The Other Side of Silence by Natasha Mostert (2001, Hodder and Stoughton)
Natasha Mostert's books are wonderfully-woven tales of mixed psychological and supernatural suspense, and her second novel is no exception. The Other Side of Silence is the story of Tia Theron, a university professor in Johannesburg, and how she becomes embroilled in a plot to change the face of music, and possibly the face of humanity, forever. It's a little like Darwin's Radio meets Wuthering Heights with a techno soundtrack.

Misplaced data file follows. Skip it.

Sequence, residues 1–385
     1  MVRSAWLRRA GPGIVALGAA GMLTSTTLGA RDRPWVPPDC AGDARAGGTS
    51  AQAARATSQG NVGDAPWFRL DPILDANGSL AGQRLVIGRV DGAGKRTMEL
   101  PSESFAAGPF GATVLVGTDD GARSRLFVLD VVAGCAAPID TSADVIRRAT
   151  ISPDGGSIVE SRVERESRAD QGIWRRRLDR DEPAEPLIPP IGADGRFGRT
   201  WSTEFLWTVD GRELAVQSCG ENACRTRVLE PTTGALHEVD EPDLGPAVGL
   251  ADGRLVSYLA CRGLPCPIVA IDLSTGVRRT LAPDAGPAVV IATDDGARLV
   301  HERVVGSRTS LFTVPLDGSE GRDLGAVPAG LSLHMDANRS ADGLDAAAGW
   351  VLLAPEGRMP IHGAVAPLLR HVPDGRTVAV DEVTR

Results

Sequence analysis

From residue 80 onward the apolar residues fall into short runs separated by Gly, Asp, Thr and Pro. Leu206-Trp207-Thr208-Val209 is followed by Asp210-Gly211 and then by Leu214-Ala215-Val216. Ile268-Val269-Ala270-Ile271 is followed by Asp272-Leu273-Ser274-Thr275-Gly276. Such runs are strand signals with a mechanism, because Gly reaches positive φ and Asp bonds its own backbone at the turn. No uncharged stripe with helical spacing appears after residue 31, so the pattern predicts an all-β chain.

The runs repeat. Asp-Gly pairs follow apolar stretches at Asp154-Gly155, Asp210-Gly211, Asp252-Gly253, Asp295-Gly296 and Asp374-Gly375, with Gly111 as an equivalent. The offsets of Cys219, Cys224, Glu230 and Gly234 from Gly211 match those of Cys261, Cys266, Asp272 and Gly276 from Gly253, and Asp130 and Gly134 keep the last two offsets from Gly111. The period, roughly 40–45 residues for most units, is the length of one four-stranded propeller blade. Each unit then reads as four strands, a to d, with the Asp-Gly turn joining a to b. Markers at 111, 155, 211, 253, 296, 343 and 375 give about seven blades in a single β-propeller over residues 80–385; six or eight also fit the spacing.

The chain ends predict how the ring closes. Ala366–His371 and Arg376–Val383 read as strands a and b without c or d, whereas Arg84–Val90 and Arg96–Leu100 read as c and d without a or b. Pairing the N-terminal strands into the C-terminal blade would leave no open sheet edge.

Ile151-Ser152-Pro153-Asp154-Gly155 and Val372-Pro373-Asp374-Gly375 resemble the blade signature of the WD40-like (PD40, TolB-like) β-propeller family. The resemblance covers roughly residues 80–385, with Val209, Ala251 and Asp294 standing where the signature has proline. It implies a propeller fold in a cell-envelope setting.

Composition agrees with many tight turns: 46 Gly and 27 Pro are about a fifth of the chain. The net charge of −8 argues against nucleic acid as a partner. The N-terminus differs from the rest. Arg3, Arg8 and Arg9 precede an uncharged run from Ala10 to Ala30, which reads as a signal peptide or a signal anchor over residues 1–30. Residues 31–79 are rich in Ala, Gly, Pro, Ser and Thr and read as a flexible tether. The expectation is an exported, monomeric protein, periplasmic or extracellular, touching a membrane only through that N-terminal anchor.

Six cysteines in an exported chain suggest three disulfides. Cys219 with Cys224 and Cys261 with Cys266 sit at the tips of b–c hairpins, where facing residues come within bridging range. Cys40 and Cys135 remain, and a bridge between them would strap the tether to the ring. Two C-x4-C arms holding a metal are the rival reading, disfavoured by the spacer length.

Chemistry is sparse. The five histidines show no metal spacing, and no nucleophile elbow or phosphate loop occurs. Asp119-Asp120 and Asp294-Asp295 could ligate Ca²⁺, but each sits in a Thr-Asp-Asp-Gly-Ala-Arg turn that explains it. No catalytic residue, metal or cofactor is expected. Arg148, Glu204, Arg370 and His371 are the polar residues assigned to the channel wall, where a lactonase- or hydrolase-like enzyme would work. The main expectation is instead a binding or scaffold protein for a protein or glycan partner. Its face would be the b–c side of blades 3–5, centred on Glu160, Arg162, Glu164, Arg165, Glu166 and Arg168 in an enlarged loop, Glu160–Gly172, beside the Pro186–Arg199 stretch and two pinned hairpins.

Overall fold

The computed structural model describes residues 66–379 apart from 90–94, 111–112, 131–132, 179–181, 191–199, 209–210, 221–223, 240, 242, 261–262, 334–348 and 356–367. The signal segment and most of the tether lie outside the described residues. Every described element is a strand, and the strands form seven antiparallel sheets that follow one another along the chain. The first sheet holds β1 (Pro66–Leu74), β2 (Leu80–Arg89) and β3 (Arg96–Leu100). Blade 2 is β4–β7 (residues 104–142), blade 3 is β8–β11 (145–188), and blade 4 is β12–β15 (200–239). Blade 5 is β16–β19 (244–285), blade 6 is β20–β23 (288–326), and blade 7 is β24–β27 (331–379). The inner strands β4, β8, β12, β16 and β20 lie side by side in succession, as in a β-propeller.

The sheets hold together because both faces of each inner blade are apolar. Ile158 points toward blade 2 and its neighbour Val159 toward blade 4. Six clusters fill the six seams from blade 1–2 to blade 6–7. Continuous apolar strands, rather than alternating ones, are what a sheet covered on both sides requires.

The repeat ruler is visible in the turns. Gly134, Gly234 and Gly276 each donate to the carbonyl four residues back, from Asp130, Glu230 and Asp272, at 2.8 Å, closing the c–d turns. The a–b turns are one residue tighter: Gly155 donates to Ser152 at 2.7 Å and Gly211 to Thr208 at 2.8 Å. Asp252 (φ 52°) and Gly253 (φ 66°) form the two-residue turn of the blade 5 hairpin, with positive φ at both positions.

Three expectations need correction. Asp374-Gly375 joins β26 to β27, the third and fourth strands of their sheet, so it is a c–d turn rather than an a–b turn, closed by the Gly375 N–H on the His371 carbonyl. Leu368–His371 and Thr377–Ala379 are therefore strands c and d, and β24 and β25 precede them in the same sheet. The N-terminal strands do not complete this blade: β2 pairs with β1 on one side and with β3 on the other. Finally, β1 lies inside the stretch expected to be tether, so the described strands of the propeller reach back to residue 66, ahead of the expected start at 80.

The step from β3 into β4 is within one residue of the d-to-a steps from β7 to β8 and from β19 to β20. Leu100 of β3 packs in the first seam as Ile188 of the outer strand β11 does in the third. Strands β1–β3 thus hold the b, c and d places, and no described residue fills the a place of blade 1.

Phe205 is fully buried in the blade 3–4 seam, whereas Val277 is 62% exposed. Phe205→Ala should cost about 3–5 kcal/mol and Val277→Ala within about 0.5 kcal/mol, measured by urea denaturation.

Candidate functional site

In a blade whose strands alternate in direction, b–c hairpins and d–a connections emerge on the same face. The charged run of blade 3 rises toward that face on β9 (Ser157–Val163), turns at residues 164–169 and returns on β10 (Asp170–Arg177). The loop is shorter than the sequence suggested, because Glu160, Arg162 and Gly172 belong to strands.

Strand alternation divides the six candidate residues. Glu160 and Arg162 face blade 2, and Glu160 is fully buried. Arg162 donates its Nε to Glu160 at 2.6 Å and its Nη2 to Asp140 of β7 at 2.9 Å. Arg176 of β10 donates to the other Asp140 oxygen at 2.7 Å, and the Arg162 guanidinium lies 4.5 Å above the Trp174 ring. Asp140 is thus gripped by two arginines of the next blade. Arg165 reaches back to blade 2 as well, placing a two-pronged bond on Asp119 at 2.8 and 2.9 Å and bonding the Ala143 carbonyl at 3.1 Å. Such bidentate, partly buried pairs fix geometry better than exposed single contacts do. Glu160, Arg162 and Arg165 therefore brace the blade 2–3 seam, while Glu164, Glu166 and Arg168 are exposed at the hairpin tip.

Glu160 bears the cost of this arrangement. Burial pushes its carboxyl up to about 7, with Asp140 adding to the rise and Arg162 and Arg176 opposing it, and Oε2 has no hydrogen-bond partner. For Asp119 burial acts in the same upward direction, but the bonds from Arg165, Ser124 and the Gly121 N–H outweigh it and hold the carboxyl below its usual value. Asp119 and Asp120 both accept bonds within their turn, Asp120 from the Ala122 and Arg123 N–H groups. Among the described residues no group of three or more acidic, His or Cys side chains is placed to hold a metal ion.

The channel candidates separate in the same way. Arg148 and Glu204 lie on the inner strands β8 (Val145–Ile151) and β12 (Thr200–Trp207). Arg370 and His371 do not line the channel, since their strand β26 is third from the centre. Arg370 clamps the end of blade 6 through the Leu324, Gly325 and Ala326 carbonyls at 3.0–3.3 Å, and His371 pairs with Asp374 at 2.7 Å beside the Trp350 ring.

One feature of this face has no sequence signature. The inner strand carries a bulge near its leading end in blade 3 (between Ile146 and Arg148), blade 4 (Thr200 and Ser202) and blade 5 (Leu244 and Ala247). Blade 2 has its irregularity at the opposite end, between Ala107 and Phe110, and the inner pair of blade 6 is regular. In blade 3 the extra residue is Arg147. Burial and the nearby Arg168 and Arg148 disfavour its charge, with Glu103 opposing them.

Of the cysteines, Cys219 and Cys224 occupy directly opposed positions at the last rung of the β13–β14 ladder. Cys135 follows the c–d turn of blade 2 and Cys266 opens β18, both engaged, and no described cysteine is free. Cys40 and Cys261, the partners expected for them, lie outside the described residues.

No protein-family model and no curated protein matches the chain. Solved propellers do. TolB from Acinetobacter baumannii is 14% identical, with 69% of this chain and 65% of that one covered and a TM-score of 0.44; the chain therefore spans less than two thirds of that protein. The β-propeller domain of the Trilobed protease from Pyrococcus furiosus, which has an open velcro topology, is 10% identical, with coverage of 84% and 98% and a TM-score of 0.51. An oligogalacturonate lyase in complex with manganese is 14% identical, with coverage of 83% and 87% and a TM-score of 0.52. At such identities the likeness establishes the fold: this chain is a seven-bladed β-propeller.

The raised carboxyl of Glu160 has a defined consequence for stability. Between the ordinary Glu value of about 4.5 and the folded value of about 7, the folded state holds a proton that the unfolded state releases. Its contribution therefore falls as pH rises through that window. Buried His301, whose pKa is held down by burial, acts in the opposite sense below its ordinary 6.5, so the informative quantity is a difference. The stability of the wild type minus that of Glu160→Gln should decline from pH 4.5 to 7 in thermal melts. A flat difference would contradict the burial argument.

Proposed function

Like Mostert's other works, this book is filled with tension, obsession, and an almost cloying gothic atmosphere. The subject matter in this novel is a bit esoteric for the average reader, as the storyline centers around sound and scale theory as well as the idea of decentralized information processing, and is set in South Africa. Mostert, however, does a commendable job in giving enough background information that most readers won't feel completely lost. Her portrayal of Johannesburg, in particular, is on par with any of Gibson's gritty near-future cities.
While there are a couple of small and inconsequential inconsistancies, The Other Side of Silence is a gripping read.
Rating: 3 1/2 Stars